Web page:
It’s only normal to want to hold on to things we love. Whether it be your favorite shirt, a prized computer, or a relationship, it is in our nature to keep things close to us for as long as we can. We think we have complete control of our lives. But what if these things let go first?
When the unexpected happens, no one is prepared. We tell ourselves things like, “I didn’t choose this… I didn’t want this.” But we forget that we aren’t always in control of the rope repelling us down. We hold on, not wanting to fall. Not wanting to get hurt. We believe that as long as we hold on, everything will be ok in the end. But when the rope suddenly snaps and we fall, hitting the ground, it takes us a while to get over the shock. We tend to lay on the ground, paralyzed with the fear that fails to escape our very being. “That didn’t just happen to me.” “I’m still in control.” If you’ve ever fallen from a mentionable height, you’d know that it takes a while to get your bearings after you have hit the earth. The rope was your safety. But the rope isn’t supporting you anymore. It takes a while to loosen your grip around the rope, now connected to nothing. It takes a while to realize that you have made it to the ground.
Relief floods into you. As you start to gain your strength back, you begin to walk. “Everything’s ok now. That will probably never happen again.” You slowly regain your confidence… until you see the next rope. You realize that you in fact haven’t actually reached the ground, but rather just another cliff that is closer to the ground.
I’m pretty sure the majority of us have been in this type of scenario. You have just fallen from one of life’s many cliffs, scared to move onto the next one. Scared to fall again. And again. Your trust in the rope is lost. You don’t want to experience the rope snapping, and therefore you just don’t descend at all. We’ve all reached a standstill like this in our lives. We’ve all experienced the nervousness to move on.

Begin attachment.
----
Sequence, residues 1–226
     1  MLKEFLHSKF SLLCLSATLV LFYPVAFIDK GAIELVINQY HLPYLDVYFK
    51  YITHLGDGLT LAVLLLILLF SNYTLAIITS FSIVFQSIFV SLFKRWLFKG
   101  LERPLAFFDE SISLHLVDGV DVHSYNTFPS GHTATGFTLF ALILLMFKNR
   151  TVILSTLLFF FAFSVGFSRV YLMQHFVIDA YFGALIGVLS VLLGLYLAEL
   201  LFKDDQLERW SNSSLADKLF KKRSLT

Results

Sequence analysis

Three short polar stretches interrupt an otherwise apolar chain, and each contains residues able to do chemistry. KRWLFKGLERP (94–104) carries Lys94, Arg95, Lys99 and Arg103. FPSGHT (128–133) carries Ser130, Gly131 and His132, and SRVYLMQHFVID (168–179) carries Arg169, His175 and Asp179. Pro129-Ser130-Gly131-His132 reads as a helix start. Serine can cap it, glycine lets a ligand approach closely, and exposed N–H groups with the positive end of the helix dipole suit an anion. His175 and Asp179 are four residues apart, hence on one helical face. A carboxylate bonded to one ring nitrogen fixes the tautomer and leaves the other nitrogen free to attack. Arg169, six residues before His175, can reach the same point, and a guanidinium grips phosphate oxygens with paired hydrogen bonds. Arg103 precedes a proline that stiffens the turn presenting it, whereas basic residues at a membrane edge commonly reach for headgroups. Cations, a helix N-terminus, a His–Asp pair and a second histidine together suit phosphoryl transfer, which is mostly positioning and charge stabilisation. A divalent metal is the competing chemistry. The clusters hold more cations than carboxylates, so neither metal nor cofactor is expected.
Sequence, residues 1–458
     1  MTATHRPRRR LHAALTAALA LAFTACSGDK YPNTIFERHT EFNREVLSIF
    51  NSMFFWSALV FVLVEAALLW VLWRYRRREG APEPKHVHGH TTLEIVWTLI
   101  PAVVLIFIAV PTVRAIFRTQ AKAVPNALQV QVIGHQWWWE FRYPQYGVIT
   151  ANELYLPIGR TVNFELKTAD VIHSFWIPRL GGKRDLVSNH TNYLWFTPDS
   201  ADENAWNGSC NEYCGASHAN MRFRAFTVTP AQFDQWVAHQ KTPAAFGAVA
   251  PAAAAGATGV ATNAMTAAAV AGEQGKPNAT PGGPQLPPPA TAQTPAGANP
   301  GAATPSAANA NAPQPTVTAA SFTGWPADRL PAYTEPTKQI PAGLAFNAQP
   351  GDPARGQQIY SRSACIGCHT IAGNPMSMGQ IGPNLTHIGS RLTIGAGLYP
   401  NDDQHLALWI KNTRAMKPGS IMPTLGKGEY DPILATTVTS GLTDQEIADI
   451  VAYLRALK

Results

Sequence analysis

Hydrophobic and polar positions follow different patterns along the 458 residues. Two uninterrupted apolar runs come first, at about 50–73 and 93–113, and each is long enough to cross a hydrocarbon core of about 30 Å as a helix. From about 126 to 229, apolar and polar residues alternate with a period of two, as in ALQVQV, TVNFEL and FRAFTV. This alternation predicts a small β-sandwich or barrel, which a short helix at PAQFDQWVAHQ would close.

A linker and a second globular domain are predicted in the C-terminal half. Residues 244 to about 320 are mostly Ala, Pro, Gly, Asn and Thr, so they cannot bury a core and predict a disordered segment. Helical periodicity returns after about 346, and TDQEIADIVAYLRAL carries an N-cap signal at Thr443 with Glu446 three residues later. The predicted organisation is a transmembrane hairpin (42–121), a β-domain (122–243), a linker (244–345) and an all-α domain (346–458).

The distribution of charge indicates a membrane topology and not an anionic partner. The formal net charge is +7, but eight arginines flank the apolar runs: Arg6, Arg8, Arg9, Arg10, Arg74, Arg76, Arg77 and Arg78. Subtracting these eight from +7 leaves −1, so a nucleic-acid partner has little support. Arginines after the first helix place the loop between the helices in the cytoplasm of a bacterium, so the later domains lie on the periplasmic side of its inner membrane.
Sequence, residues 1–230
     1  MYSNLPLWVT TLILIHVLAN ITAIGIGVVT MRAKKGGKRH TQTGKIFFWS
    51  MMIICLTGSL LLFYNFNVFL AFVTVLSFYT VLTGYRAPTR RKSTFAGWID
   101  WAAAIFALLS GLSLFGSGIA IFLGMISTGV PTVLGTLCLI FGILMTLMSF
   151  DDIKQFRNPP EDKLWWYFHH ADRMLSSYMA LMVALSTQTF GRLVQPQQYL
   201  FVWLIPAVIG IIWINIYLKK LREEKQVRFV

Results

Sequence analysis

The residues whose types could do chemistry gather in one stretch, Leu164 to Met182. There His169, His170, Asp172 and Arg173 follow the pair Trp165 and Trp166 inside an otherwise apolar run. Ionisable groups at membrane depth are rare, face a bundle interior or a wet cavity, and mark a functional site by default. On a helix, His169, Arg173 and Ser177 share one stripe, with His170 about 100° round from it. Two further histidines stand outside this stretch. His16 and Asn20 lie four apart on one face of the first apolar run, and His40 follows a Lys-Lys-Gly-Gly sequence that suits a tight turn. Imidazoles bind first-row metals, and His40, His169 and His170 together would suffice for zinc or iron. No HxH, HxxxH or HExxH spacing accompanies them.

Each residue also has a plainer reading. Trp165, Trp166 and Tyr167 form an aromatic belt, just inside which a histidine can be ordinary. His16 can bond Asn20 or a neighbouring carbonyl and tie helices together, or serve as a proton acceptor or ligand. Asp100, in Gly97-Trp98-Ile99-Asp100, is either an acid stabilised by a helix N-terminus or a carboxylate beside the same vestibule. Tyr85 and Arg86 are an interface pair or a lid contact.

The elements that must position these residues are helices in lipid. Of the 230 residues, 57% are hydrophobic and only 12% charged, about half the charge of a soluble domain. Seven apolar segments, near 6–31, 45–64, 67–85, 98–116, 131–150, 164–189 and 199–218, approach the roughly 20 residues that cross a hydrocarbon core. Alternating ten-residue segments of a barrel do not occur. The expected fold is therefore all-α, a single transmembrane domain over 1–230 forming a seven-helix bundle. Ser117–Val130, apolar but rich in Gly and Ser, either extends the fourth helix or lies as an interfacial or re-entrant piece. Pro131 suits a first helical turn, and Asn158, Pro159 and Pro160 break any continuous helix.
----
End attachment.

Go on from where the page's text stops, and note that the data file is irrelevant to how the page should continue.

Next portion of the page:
It’s ok to take a break–to take a rest. It’s ok to be scared. But after a while, we have to ask ourselves “How much longer are we going to wait?” Yes, different people take different amounts of time to get back their courage–to get past the hesitation. But the sun waits for no one… day will turn into night, and we will have missed our chance. Sure, the next day will come around. But what are the chances we’ll wait for the next day after that? And then the day after that? Our excuses become our normal. The cliff side becomes our new ‘ground.’
We end up telling ourselves that this is the ‘new us.’ That this is our ‘new life.’ We ignore the next rope, letting it slowly decay.
We fear the unknown.
But even when staying on the cliff seems like a good idea at the time, it soon becomes obvious that exploring the rest of the world is impossible. The cliff becomes our everything–an ‘everything’ that cannot be broken until we choose to descend the rest of the way down. It’s only when we choose to leave that cliff that we can try and live our lives to their fullest extent.
There’s nothing wrong with being comfortable, but there will most likely come a time where you will have to ask yourself “Is this it? Or am I being called for something greater?”
And when that time comes, I encourage you to grab hold of that next rope. Explore the world, and do not be contained to a single cliff. Live your life without being chained down by your fear of falling. Reach the ground, and be proud of all your cuts and bruises you accumulated on the descent. Look up, and be proud of the journey… your journey.
Let go of that rope, and move on.